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Latest posts by Fairygirl


Posted: 20/08/2013 at 07:41

They're great for birds Heather. Very common up here in Scotland as the climate suits them-they're everywhere on our hills, gardens  and hedgerows. Laden with berries already. I've got quite  a few seedlings here in the garden which I'm keeping. 


Posted: 20/08/2013 at 07:33

Morning all. Cloudy here so hope it stays dry.

 Hope all goes well KEF. Not too many days to go now Dove. You'll be digging ponds and borders at your leisure then! Or planning your next project 

Golde rod always reminds me of ragwort 


Posted: 19/08/2013 at 21:23

Rhoda- that's what I did recently on the clovery bit of grass I have at the side of house!

I'm keeping a bit of that area as clover and prunella etc -  and there's some bugle in there too that's escaped from somewhere. As Dove says - thyme's great for an area like that too. It's brilliant for insects but I don't think I'd want it as my main lawn. I've got that all as nice green, velvety boring old grass! 

Good Evening FORKERS

Posted: 19/08/2013 at 21:14

Pentillie I hope you're not too worn out. Very stressful for you. 

Had the chicken- quite enjoyable. Relaxing now. Dishes done but a couple of school shirts to iron. Best do them or I'll forget. 

Night all 


Posted: 19/08/2013 at 20:47

Hi Zoe, lots of good advice already. I'd suggest the trellis on the wall is the obvious solution and then you can plant some climbers. You can extend that onto the brick wall too and it will all blend in together. Relatively easy and cheap to do.

Grasses will be good round your pond as many are pretty tough and evergreen but more info about aspect and soil will make it easier to make suggestions. Good foliage plants will give cover for wildlife - hostas, astilbes and ferns if there's some shade and ligularias if there's sun. They all like damper soil and look well beside a pond. Have a think about colours that you like too or whether you want more of a little green oasis!

GardenIng jokes

Posted: 19/08/2013 at 20:28


Very like the one about the fox hat...

but I can't remember it...and I'm a ladeee 


Posted: 19/08/2013 at 20:12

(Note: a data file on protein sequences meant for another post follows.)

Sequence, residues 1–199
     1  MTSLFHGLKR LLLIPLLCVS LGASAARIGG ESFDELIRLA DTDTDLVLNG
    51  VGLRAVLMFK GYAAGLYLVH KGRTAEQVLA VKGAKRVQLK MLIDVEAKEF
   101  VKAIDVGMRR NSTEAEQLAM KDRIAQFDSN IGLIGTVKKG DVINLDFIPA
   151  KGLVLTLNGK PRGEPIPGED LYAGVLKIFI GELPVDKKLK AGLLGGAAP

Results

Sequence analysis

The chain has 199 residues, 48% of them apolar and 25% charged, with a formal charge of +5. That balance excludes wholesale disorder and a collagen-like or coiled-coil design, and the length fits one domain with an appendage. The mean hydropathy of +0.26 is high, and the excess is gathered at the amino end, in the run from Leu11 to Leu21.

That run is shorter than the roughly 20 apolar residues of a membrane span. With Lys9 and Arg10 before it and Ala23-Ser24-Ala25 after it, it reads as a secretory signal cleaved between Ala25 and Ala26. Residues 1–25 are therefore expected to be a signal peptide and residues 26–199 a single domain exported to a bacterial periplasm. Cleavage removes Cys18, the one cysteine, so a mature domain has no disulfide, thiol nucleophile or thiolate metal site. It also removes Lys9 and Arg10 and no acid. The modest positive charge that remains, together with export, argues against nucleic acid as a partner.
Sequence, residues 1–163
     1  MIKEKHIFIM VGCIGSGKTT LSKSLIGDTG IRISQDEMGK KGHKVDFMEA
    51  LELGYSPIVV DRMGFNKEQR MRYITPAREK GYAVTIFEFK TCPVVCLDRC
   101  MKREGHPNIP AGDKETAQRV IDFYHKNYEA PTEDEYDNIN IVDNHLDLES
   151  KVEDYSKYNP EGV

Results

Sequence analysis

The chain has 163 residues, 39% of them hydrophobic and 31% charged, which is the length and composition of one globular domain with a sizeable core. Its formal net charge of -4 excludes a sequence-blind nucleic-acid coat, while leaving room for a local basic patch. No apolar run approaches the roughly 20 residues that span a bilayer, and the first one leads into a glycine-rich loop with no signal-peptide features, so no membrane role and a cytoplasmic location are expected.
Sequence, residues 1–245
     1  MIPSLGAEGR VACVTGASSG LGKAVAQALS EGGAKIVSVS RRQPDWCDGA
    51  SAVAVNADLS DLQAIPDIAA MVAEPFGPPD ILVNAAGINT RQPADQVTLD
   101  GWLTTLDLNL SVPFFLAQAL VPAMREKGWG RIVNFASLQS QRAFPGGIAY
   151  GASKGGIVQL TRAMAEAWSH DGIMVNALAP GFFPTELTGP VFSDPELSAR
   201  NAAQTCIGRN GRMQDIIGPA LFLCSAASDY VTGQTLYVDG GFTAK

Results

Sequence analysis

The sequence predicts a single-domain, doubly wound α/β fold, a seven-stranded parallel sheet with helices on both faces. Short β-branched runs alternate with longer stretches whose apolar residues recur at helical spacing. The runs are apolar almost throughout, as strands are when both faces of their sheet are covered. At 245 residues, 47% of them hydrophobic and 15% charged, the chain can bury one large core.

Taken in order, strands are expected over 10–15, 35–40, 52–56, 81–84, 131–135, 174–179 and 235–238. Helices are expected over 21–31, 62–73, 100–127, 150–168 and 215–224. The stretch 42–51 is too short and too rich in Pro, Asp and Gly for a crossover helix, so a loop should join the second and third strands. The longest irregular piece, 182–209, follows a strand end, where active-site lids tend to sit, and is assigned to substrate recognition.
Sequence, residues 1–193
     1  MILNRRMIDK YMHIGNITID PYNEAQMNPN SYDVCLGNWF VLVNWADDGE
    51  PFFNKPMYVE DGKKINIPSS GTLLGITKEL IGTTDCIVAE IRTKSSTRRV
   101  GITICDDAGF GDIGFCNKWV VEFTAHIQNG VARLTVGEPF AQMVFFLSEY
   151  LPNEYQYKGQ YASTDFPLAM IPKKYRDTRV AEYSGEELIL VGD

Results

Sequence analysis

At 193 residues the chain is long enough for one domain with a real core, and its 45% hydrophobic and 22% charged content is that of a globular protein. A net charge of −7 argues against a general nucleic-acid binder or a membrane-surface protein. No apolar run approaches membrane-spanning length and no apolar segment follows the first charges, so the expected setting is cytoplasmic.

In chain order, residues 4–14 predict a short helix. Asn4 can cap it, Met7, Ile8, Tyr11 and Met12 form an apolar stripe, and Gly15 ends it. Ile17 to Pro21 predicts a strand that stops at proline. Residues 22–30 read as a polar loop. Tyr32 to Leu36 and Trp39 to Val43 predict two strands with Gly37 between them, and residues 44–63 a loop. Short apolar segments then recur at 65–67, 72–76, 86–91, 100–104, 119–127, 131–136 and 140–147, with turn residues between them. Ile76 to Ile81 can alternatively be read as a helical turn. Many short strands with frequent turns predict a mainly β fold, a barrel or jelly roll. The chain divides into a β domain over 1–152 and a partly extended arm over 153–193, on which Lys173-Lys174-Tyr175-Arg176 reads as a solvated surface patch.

Get some pix of your frog if you can lyndab! You can always put some cover over part of it to keep it from freezing- a piece of wood on a couple of bricks -  just in case! I did that with a tiny pond I had years ago and it did the trick.


Posted: 19/08/2013 at 20:08

blackest - hope you can solve the problem-  it could really be either reason. Check if the ground's sodden - if it's looking ok then it most likely is the lime and you'll be able to cut the damaged bits out.

Darn it Verdi- I'll have to wave my wand and create a huge wet bog round blackest's yew  just so you're wrong you little devil.....


Posted: 19/08/2013 at 19:50

Hi Steve. If you've prepared the ground well before planting they shouldn't really need anything more just now. A lot depends on the conditions where you've planted them .You could give them a sprinkling of general fertiliser of your choice if you didn't do that at the time. Blood, fish and bone is my personal favourite, but use whatever you prefer. Just make sure they don't dry out if you're having hot weather but don't drown them either! A mulch after watering is beneficial to preserve moisture in hot dry weather. Bigger hedging plants often take longer to establish than smaller ones so you could cut them back a bit if they look like they're struggling at all. 

Deborah - I know this is probably too late for a reply but  yes - I'd cut them back a good bit if you haven't already done that. The weather conditions, the site and the time of year you planted would have made it difficult for them to establish well. As I said to Steve- bigger plants take longer to establish anyway. Cutting them back will encourage more growth lower down. 


Posted: 19/08/2013 at 19:09

Oh lyndab that's just so sweet. I'm sure froggy will love his little pond. Just make sure anything going in can also get out safely- a little slope of stones and gravel up to one edge will be plenty.  Don't know if you need the air stone or not but your main problem will be to stop it freezing in winter. If you can manage that you'll get lots of little creatures visiting - birds will drink and bathe in it. Not sure if I'd put any more plants in as they'll probably take over completely. 

Discussions started by Fairygirl

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kitchen spam-don't answer it!

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